Changing clothes in the Doubletree bathroom off the lobby. I have no room yet so I lug my overly heavy bags up into the public bathroom and manage to snag the executive suite, which in this case means the handicapped stall. I am still tasting bile in the back of my throat and my headache throbs with an unremitting insistence. This is my new home, this bathroom. I am one of those homeless people that everyone avoids looking at. I have my luggage opened up and I carry my toothbrush and makeup to and from the sink, dodging the normal people who have slept and eaten and used deodorant within the last 24 hours. I'm the shadow that no one wants to acknowledge. I strain with all my remaining strength to have an intelligent, non-derelict air about me. I want to scream: "God Damn it! I went to Bennington Fucking College! I’m not homeless, I just flew into the sun and this Super Shuttle guy tried to make my gall bladder come out of my nose!!!"
But I don't. I patch myself back together, congratulate myself for surviving thus far, and then lug my suitcases down to the checkroom, where I will pick them up when my room becomes available at the end of the day.
My job today at the show is to find my hosting booth and drum up business for tomorrow’s book signing. I am going to make sure my books have arrived and otherwise scope out the lay of the land.
My hosting booth is down in the small press section. RJ Communications are the people who printed my book and they provide services for people wanting to self-publish, without the extreme inequities of POD. (I can talk the publishing talk so well right now, you have no idea. I will try to spare you the lingo but it's great stuff and I'm obviously in the wrong business and this blog is not about that so I'll quit.) I get along immediately with the RJ people. They welcome me as an author and I put down my stuff, heading out into the trade show floor to get rid of my 250 bookmarks that have been neatly stickered with the date and time of my reading tomorrow.
Here's the problem. This is six football fields' (at least) of publishing biz under one roof. It is beyond huge. And everyone is hustling their shit. Everyone has a gimmick: there are people dressed in foam dollar bills and pink hats, large weird teddy bears, people with wings, a man in a Borat wig. Every time you turn around someone shoves a bookmark or a tee-shirt in your face, offers you a chance to win something, assaults you with flyer or a book or a catalog. Typical trade show stuff… but as I prepare to become one of these people I see that it's just plain rude to stop people in their tracks with a bookmark. Yeah, it may drum up biz but more likely than not it's just going to make them think I'm an asshole.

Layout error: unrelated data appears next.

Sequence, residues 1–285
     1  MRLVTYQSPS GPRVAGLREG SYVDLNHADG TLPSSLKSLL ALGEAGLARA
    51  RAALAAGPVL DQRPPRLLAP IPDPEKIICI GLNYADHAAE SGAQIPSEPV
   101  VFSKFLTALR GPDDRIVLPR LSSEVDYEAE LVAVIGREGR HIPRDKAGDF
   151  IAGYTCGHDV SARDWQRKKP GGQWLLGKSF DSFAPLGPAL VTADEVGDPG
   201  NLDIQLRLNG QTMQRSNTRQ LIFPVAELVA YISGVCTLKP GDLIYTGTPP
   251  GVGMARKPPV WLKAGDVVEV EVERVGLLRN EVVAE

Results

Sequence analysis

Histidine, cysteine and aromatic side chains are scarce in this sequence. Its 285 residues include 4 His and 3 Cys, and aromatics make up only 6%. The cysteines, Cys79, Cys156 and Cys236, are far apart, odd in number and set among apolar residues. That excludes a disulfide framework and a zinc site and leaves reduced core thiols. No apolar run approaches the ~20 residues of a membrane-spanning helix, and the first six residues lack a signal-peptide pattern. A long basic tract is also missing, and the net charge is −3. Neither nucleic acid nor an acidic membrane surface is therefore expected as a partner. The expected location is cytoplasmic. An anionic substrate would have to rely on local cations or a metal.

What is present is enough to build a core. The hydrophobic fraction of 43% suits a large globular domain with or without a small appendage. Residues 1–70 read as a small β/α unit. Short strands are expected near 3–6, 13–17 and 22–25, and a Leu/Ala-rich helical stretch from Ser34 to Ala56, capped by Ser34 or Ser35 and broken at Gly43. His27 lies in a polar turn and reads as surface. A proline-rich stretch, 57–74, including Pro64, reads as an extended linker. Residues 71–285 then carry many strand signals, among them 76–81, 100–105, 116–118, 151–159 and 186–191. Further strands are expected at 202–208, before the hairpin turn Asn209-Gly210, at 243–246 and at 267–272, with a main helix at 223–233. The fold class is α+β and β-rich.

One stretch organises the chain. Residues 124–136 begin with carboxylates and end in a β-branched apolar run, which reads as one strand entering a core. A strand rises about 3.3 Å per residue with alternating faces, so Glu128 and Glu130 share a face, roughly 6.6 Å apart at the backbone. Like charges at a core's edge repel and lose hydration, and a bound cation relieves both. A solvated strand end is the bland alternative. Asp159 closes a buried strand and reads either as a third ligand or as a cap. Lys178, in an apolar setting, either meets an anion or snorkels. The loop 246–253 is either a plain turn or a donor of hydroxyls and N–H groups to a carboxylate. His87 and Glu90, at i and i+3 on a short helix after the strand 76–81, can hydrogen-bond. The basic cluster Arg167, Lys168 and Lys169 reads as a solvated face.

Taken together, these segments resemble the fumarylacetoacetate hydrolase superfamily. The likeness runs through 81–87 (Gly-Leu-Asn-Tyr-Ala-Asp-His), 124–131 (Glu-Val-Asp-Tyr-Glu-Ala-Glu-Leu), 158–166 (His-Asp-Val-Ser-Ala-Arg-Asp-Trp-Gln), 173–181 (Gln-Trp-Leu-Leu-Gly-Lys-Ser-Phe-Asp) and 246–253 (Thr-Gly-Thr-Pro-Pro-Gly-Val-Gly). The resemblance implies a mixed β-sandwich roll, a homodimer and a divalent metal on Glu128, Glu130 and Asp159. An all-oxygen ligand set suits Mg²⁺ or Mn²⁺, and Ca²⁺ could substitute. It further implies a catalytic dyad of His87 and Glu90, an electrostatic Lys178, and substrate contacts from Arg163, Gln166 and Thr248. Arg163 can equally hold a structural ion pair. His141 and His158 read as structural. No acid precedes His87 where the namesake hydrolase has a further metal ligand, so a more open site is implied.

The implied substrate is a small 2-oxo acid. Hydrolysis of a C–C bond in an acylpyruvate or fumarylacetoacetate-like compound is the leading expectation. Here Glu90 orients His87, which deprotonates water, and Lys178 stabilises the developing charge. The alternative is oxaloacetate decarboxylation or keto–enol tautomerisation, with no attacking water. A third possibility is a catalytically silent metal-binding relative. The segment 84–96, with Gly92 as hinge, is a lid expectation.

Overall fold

And I'm too tired to get the perk factor up to full and be at all believable. Every time I try to cheerfully ask if someone wants a bookmark I'm pretty sure the subtext reads something like: "Oh god, jesus, I'm so tired, please take a bookmark, please justify my life, please take one just for me and then I promise to go away and not annoy you with my presence ever again."
It's just not happening.
I find myself standing in line for the bathroom. There are lines in front of every ladies room. And every one of these women is target market. Smart, stationary, doing nothing but standing there in line. It kills me how stationary they are. What could they possibly want to do more than read my bookmark and then come and get a book tomorrow morning? It's like capturing the herd of elephants at the watering hole and just aching to knock them all of en masse and get a year's worth of ivory in one fell swoop.
OK that was a weird metaphor.
So I talk to a few women as I'm standing in line, shooting the shit about how there's always a line in the women's room, and then I maybe hand out a book mark (with the same subtext as above but at least this time I've proven myself to be able to converse about other things before I turn on the sales pitch). And eventually I get a stall and I pee.